In a time where there is more processing power in your back pocket than all of the combined computers that sent the first astronauts to the moon, recording everyday conversations secretly doesn’t require an elaborate setup, equipment or a wire; all that’s required for covert recording is simply the press of a button on a smartphone.
In the employment context, there are often employee monitoring technologies for proper time management, computer use, and team management.
The recent case of Shalagin v. Mercer Celgar, 2022 BCSC 112, is instructive that employees also have the ability to monitor and record their employers’ actions and conversations with relative ease, but this ease of surreptitious Recording recording may strike at the heart of the employer/employee relationship and result in a breakdown of trust leading to just cause dismissal.
It is important at the outset to note that in Canada, it is lawful to record conversations so long as one party to the conversation consents: Goldman v. R, 1979 CanLII 60,  1 S.C.R. 976; Criminal Code, R.S.C. 1985, c. C-46, s.184.
However, simply because it is legal and not criminally prosecutable does not mean it is without consequences in the employment context, as seen in Shalagin.
In Shalagin, the Plaintiff had worked since 2010 as a financial analyst with Mercer. The Plaintiff also held a CPA designation. Mr. Shalagin, while having no written employment contract, was found to be bound by his employer’s Code of Business Conduct, Ethics, and Confidentiality.
Mr. Shalagin’s lawsuit came about from a wrongful dismissal claim. Mr. Shalagin had disagreements with his employer over his treatment by his supervisor, his upcoming bonus, and human rights concerns. The employer terminated Mr. Shalagin on a without cause basis on March 25, 2020.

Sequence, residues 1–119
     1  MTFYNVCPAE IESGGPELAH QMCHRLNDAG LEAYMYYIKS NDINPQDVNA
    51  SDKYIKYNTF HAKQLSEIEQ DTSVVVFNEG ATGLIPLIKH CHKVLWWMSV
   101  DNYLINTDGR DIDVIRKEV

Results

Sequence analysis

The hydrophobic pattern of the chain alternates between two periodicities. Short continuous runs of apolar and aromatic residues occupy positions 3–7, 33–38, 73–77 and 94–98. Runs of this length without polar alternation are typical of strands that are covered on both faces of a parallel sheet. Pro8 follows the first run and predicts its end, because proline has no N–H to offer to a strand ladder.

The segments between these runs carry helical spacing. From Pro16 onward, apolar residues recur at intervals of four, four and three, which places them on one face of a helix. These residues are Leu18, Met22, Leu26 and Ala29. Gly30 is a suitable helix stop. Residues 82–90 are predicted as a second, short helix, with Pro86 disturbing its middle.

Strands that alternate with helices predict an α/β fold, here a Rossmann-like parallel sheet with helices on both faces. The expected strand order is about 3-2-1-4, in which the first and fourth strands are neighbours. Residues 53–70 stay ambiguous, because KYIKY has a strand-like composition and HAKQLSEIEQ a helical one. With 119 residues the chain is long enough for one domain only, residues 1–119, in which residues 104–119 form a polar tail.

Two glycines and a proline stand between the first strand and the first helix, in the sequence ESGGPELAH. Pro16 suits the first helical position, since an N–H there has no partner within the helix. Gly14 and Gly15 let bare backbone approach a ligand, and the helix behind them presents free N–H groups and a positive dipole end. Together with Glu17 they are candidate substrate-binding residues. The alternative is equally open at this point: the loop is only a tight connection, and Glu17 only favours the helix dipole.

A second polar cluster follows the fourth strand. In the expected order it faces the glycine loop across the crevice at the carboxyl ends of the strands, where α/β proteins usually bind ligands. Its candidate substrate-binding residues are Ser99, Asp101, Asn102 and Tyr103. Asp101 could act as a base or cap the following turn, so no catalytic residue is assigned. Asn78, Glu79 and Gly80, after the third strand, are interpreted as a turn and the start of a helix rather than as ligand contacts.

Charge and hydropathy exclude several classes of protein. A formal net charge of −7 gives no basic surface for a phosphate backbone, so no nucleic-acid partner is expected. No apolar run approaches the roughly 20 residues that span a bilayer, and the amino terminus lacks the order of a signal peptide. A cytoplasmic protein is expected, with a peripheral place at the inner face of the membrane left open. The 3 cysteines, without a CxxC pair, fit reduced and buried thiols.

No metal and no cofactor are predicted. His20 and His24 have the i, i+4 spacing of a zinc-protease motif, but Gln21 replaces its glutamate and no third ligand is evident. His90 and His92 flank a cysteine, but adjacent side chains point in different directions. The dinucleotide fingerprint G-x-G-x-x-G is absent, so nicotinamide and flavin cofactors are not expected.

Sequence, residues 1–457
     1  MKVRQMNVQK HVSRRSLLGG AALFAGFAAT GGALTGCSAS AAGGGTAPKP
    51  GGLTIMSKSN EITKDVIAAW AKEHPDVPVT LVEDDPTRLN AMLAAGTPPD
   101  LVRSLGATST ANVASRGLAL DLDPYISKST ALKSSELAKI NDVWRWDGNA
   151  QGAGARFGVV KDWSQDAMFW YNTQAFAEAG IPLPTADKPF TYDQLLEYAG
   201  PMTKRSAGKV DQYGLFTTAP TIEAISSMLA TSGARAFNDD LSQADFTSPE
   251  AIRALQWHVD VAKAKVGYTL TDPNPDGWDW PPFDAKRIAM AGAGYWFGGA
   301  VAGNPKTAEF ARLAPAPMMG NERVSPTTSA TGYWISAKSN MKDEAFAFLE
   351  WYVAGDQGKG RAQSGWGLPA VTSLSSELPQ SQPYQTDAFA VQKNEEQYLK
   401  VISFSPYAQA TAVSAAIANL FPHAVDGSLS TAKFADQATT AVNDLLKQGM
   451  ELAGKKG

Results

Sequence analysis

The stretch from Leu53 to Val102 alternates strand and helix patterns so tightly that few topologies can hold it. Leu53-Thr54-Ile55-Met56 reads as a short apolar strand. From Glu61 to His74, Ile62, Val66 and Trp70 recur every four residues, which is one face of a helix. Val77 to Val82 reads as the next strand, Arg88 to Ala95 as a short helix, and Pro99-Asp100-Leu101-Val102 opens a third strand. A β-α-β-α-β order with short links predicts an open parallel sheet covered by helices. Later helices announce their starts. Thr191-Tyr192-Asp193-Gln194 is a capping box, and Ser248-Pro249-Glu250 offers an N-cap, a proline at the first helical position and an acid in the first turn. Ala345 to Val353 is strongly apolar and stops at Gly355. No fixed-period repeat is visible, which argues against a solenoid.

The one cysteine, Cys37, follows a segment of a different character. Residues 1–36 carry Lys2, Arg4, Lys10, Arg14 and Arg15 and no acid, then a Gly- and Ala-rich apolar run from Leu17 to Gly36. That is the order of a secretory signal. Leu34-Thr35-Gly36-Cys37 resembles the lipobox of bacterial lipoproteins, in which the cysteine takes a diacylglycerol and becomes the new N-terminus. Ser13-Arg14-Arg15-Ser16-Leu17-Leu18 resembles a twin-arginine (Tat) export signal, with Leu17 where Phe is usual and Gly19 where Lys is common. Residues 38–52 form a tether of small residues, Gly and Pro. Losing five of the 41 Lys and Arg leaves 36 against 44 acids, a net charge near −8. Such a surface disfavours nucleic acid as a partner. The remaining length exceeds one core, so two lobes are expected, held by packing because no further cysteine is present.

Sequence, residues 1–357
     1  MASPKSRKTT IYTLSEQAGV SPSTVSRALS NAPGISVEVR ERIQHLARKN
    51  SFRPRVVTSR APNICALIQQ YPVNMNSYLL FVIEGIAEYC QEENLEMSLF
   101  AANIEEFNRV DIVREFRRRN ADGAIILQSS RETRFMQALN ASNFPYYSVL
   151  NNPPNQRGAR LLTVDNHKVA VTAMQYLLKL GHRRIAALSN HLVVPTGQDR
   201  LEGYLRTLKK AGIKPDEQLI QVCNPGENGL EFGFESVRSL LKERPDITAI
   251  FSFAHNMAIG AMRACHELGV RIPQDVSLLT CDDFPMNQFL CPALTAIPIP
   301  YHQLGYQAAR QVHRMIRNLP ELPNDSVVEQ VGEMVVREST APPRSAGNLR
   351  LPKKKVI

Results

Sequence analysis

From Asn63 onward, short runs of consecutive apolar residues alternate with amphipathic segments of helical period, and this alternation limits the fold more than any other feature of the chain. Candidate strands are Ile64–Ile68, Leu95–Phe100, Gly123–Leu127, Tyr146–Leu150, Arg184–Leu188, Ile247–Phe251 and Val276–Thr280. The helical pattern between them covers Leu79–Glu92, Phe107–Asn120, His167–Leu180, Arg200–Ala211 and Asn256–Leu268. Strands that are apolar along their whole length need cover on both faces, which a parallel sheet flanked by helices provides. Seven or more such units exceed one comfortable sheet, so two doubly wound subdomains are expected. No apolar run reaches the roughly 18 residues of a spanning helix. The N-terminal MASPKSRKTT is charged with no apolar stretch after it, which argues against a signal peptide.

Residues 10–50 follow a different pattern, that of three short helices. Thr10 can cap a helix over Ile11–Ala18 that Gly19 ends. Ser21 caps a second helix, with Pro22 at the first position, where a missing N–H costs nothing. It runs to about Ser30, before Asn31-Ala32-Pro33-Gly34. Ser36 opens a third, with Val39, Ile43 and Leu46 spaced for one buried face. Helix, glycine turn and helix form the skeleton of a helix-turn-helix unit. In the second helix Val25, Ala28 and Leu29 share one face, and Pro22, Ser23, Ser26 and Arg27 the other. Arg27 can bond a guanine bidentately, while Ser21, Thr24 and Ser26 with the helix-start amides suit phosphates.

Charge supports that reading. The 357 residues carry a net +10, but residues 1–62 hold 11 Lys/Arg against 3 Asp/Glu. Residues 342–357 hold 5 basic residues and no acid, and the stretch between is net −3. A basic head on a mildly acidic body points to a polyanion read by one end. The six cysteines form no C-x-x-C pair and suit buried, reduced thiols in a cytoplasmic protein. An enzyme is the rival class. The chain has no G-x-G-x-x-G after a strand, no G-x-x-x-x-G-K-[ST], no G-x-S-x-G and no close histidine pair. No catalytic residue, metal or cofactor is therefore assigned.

During the discovery process and the related human rights proceedings, it came to light that Mr. Shalagin had taken recordings of interactions with fellow employees, supervisors, and human resources personnel, dating back to 2010. The participants in the recordings other than Mr. Shalagin were unaware they were being recorded.
Mr. Shalagin alleged that the earlier recordings were to assist him in learning English but admitted that the later recordings of interactions with supervisors and human resource staff were to have a record of interaction relating to potential bonus entitlement and as proof of discriminatory conduct.
The Court noted that “just cause” for dismissal was “behaviour that is seriously incompatible with the employee’s duties. It is conduct which goes to the root of the contract and fundamentally strikes at the heart of the employment relationship.”
The Court also emphasized the principle of proportionality for disciplinary measures and that summary dismissal constitutes capital punishment in employment law.
The Court noted that misconduct that is discovered post-termination constituting just cause should be approached with caution.
The Court determined in this case that the question is whether the employee’s actions fundamentally ruptured the relationship, such that the mutual trust between the parties is broken.
Upon review of the facts and relevant case law, the Court held that surreptitious recording can cause material damage to the relationship of trust between employee and employer and did so in the present case.
In a nutshell, the Court found there was no legitimate basis for Mr. Shalagin to make the recordings, that the recordings destroyed the trust between him, his colleagues, and his employer, and that if his arguments were accepted, it might encourage employees who feel mistreated at work to routinely start secretly recording colleagues.
The volume of recordings, and the fact that several of the recordings were made of a highly personal nature unrelated to work, were factors that weighed against the plaintiff in the case.
What Shalagin demonstrates is that while secretly recording conversations may not be illegal, it may, depending on the circumstances, strike at the heart of the employee/employer relationship of mutual trust and be grounds for just cause termination.
In order to prevent these issues from becoming a problem, as a best practice, employers should set clear expectations and policies surrounding recording conversations, meetings, etc. and make clear that recording fellow employees, supervisors or managers without consent is a matter for progressive discipline.
Do You Have Questions?
If you wish to update your policy guidelines to include language regarding employee/employer recordings, Spraggs Law can help.